Interview with Phillip Dunkelberger, President and CEO of Nok Nok Labs

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Peter O’Neill, President, Mobile ID World (MIDW): Can you please give our readers a bit of a background about Nok Nok Labs?

Phillip Dunkelberger, President and CEO, Nok Nok Labs (NN): Nok Nok Labs was actually created by the founder of what is now known as the FIDO Alliance, Ramesh Kesanupalli.  He had been working on this idea for a number of years and got together with a number of former contacts to talk about what it would mean to have a common plug and play protocol for strong authentication. He then had the idea of what would it mean if you had a single solution versus having to write protocols for all different types of multifactor authentications. He started talking with Michael Barrett, who at the time was the CISO for PayPal, and they pulled in other contacts and started an informal working group. It was out of that working group that they realized they probably needed to form a start-up that could create a product that could turn on strong authentication.

MIDW: Was that back in the 2009-10 time frame?

NN: That was in 2009 and it was in the beginning of 2011 timeframe when the group said we should go see if we can go get a company started to go make an attempt to take these ideas and some of the demonstration code that we’d been working on and to really see if we could build it and build it in scale because scale was going to be really important. So that was the synthesis of their thinking that led to the creation of Nok Nok Labs. I liken it in my career to when Bob Metcalfe left Xerox to go and start 3Com Corporation in Santa Clara at the beginning of the Ethernet era. You know you needed somebody to really go out to try and create a standard and actually build things that people could test and deploy. And that was the genesis of the idea of starting a company that is now Nok Nok Labs.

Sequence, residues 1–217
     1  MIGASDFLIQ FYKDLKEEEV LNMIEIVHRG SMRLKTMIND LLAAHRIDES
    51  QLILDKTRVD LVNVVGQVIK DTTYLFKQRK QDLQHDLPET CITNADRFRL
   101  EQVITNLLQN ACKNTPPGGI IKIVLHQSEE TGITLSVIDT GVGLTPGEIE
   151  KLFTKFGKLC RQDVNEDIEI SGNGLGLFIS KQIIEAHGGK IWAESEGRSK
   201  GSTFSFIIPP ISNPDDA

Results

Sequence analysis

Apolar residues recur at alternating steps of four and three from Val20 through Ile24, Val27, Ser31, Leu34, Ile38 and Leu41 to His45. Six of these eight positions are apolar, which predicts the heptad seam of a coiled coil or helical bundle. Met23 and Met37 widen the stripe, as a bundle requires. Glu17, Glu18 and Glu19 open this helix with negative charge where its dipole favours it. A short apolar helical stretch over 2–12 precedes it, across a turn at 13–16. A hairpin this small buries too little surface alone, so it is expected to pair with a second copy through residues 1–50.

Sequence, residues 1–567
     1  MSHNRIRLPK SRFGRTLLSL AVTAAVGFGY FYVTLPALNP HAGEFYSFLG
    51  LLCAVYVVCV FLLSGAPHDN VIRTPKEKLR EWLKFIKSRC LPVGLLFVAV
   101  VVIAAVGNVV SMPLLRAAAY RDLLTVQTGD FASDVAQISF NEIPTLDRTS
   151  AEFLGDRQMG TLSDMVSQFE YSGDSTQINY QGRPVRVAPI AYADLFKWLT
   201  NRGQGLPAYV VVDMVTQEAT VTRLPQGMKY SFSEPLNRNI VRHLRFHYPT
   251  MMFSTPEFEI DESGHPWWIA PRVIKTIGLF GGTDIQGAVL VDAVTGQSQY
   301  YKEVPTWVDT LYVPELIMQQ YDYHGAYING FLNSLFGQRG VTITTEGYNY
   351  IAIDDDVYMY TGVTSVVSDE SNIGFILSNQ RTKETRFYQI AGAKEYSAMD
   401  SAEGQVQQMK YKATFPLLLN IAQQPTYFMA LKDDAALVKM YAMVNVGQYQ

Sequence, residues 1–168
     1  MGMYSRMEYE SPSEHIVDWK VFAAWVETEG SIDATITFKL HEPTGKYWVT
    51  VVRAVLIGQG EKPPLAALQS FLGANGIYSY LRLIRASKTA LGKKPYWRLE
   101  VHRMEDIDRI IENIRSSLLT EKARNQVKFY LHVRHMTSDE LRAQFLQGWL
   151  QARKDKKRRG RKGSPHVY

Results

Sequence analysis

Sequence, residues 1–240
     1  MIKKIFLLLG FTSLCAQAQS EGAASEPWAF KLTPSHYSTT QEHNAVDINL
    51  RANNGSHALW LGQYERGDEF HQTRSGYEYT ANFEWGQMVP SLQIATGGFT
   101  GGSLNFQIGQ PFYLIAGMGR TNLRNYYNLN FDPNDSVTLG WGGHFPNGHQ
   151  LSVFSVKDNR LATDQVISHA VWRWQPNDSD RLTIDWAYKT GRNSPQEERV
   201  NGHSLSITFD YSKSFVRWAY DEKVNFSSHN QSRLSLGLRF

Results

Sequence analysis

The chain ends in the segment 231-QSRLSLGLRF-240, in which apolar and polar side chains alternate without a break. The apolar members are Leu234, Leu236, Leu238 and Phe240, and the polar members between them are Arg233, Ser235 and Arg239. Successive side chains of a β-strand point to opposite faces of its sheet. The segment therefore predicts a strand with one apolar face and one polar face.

MIDW: FIDO officially became an industry alliance just this year in the February timeframe and has seen rapid growth from a number of different areas, MasterCard, Microsoft, Google and  a host of other companies joining. What do you feel is driving this growth?

NN: Well I think the catalyst for this growth is we are trying to solve a major problem. Devices have gotten more powerful and smaller. We are now using the interface of a smartphone to do complicated computing jobs. All of these tools have certain interface characteristics that require a rethinking on how to use them from an ease-of-use standpoint whether it is gesturing or tapping or swiping. But that whole idea of the evolution of the user interface is just one of the driving forces. How do we take friction out of using smartphones for common computing jobs like purchasing on the Internet? Well instead of authenticating two or three times by typing in complicated usernames and passwords, why don’t we use something simple like a biometric or a voice print – something a lot easier to remember and something a lot easier to enter on these types of devices.

MIDW: So that sort of lends into some information that I was reading, that Nok Nok Labs stresses that the old adage of authentication as being either, simple and weak or complex and strong, can no longer  apply.

NN: Yes, and it doesn’t really fit a modern architecture of computing with regards to what people want to do with applications on these new devices. It has been a long time coming and biometrics have been out there for a long time and they are a great form of authentication for most people. There are numerous ways to use different types of biometrics; from your heart beat to iris scan to the blood vessels in your eyes to your fingerprint. Fundamentally, it is a combination of things that people want to be able to turn on based on risk. So it is the risk profile that takes you into the security profile. These things are great for ease-of-use but the key is how do we implement them? We have to implement them securely because the businesses providing services out on the Internet are liable in many cases for the services they provide, for things like privacy, for the security of people’s information, for transaction security, so creating this stronger vibrant ecosystem that is easier to use need to fit everybody in the ecosystem. So that was the idea and the genesis behind what we are doing to implement those ideas at Nok Nok Labs.

MIDW: Much of the positive press around FIDO has to do with how authentication standards can make m-commerce and financial transactions easier and more secure. How can FIDO help in other fields that will be adopting strong authentication methods like health care, etc.?